NASA Space Mug
Featuring NASA’s superior logo—the Worm—AstroReality’s Space Mug ($30) is a portal to the cosmos, and a nod to the often irregular shapes of satellites and spacecrafts. Using AR’s augmented reality app, you can look down at Earth (which is 500 million square kilometers away) through the bottom of the mug. Hover the app over the cup’s interior and a window will appear: you’ll be able to see the Amazon Rainforest, Vatnajökull National Park in Iceland, the Himalayas, Grand Canyon and much more. And, when you’re not exploring Earth from above, the ceramic mug doubles as an excellent vessel for coffee or tea.
British mixed media artist Joe Webb combines found images to make otherworldly, cosmic scenes. For “Controllers” (£395)—a four-color screenprint made in an edition of 75 with Jealous Gallery)—Webb plays with proportions and skews the viewer’s perception, placing an astronaut high above Earth but in the sightline of suited men behind a control board. The sky is covered in a black diamond dust overlay—replicating millions of stars—and the piece is printed on 410gsm paper stock. With each purchase, a tree is planted in Madagascar, thanks to a partnership with Eden Projects.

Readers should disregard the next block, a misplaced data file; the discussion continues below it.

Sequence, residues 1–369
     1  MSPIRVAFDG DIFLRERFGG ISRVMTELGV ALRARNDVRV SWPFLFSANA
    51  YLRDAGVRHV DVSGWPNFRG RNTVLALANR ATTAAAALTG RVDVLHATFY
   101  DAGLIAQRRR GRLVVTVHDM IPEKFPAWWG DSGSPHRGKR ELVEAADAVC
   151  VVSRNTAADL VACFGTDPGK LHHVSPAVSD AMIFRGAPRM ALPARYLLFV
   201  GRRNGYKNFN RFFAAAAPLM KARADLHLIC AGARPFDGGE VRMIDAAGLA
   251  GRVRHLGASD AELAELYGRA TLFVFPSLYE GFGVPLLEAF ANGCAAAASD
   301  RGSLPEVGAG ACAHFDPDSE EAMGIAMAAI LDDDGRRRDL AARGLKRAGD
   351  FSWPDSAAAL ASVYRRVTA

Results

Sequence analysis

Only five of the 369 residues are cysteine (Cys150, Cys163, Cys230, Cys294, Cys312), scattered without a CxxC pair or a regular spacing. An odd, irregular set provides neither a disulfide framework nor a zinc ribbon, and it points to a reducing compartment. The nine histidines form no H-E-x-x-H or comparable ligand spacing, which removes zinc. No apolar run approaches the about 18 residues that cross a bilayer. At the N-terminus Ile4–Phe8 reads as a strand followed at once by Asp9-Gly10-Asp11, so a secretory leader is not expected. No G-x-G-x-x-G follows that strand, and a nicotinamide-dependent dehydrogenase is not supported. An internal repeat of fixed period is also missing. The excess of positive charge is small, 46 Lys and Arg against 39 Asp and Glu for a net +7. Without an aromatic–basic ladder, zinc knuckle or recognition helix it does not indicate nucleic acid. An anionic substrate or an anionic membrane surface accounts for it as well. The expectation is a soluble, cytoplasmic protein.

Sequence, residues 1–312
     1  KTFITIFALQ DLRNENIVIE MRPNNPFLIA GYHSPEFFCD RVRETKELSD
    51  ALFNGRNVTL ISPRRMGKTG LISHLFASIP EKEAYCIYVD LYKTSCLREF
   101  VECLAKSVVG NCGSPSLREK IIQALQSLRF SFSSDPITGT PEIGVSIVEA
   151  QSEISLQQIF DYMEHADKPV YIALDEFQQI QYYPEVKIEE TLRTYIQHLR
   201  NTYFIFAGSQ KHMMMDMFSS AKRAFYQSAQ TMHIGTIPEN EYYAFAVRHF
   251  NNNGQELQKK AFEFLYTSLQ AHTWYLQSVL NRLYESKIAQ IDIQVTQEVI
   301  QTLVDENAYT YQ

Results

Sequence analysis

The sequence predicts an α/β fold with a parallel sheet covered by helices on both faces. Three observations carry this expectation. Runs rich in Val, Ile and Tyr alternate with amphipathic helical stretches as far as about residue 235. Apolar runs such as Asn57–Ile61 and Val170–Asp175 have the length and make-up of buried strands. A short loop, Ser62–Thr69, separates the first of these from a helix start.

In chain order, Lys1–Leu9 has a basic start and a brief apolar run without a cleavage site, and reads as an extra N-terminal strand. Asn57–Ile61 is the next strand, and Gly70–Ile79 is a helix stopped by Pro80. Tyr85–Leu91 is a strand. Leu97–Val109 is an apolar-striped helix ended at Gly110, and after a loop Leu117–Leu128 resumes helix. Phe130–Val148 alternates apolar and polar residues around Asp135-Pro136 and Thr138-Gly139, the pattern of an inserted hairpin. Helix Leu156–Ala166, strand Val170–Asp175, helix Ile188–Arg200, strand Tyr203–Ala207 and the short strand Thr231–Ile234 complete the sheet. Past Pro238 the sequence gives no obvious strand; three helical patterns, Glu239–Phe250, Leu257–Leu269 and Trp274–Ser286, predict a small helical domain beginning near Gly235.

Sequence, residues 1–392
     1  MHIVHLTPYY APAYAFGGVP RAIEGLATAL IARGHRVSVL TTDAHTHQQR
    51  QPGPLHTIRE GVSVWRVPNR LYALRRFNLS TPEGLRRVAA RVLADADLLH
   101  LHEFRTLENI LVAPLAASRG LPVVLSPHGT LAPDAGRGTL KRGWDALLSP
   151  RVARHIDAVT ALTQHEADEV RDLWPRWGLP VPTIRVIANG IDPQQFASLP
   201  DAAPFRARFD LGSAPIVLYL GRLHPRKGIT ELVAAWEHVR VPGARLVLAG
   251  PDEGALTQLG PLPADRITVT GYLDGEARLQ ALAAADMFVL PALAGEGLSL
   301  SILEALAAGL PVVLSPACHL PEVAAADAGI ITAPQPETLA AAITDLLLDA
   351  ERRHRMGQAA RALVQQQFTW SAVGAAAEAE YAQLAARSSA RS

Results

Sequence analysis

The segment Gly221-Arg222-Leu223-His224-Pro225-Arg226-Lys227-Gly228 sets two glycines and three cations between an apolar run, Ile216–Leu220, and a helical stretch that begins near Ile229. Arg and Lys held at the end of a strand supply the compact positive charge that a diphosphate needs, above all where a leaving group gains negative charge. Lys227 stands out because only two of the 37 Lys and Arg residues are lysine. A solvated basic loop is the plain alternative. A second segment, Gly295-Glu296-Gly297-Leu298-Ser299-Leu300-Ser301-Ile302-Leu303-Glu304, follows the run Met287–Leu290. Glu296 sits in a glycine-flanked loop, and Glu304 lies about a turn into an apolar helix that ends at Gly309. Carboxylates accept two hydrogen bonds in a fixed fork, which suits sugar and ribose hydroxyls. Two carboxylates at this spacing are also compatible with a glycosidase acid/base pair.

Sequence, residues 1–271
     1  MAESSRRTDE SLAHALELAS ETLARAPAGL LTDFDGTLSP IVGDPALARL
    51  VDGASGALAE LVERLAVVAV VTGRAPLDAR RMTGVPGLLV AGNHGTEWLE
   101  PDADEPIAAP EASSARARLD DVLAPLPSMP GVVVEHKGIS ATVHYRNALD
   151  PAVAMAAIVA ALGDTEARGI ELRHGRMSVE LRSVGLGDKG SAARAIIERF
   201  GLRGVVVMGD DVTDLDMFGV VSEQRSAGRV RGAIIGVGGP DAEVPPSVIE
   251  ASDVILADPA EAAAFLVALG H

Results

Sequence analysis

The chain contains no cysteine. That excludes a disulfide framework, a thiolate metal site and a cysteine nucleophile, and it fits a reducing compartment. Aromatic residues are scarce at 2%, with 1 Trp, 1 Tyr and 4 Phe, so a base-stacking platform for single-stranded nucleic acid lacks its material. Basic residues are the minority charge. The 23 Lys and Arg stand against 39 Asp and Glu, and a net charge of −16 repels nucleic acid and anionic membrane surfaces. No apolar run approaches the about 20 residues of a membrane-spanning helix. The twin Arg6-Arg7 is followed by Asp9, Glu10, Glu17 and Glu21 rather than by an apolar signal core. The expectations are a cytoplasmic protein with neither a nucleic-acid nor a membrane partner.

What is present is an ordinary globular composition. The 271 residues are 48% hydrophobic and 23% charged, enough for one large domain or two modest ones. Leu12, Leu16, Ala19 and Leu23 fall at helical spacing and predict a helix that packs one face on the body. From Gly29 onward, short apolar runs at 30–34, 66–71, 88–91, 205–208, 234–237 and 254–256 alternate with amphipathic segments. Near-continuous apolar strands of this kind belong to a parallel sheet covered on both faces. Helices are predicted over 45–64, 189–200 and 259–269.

1,000 Piece Moon Puzzle
1,000 pieces comprise this moon jigsaw ($25) puzzle by artist and quilter Lindsay Stead. The first release from her new Four Point Puzzles brand, it measures out to 26.5″ in diameter when complete. With massive swathes of purely grey space, it will challenge even the quickest minds. But, in the process, you’ll become a master of the moon’s surface—all in commemoration of the 50th anniversary of Apollo 11’s landing there.
Speedmaster Moonwatch Anniversary Limited Series